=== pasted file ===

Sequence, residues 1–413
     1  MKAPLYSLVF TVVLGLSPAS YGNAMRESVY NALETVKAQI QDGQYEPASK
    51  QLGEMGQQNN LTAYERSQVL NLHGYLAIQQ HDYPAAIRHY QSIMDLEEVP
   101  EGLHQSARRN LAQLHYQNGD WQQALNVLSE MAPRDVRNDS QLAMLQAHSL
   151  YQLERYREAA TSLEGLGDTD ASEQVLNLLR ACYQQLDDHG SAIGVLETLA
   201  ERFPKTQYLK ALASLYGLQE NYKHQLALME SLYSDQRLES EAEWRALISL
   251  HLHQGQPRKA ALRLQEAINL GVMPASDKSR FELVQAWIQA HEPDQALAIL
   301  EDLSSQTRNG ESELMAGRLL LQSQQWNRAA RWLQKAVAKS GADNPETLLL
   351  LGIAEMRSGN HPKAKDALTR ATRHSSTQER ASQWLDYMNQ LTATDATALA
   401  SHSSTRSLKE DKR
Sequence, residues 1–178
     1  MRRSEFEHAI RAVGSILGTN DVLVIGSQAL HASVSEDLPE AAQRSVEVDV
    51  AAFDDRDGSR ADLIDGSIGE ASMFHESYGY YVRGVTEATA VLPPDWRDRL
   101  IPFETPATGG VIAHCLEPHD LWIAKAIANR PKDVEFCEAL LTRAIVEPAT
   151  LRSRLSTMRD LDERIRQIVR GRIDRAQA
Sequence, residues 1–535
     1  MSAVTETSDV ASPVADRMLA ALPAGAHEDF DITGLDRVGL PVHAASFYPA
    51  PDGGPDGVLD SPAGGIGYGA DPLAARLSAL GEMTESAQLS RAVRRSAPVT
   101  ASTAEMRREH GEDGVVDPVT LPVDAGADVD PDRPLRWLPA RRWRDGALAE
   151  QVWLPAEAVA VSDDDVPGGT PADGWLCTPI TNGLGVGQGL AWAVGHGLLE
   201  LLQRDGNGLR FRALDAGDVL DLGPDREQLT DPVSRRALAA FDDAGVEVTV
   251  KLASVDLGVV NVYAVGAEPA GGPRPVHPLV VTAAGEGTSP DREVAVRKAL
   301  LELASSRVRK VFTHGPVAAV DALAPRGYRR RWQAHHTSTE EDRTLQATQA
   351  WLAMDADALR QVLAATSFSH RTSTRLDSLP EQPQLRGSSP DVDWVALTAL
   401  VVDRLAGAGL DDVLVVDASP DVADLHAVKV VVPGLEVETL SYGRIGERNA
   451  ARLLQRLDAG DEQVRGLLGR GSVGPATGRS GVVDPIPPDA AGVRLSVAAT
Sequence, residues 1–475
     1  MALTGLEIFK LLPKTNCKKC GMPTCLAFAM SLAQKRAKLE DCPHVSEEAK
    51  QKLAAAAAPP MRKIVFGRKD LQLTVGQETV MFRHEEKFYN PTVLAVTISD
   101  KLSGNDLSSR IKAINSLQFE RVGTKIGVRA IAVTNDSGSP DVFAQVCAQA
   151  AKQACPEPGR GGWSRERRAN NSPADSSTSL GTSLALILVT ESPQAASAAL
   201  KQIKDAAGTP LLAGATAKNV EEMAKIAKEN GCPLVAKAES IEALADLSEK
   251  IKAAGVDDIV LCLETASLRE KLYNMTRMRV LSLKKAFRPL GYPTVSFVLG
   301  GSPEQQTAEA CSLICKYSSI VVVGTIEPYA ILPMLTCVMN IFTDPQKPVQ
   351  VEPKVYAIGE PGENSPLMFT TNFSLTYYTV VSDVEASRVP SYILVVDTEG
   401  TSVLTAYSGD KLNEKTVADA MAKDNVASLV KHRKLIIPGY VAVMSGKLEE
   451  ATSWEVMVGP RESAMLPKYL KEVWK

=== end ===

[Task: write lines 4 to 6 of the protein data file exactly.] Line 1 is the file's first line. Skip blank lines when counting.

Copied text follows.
   101  EGLHQSARRN LAQLHYQNGD WQQALNVLSE MAPRDVRNDS QLAMLQAHSL
   151  YQLERYREAA TSLEGLGDTD ASEQVLNLLR ACYQQLDDHG SAIGVLETLA
   201  ERFPKTQYLK ALASLYGLQE NYKHQLALME SLYSDQRLES EAEWRALISL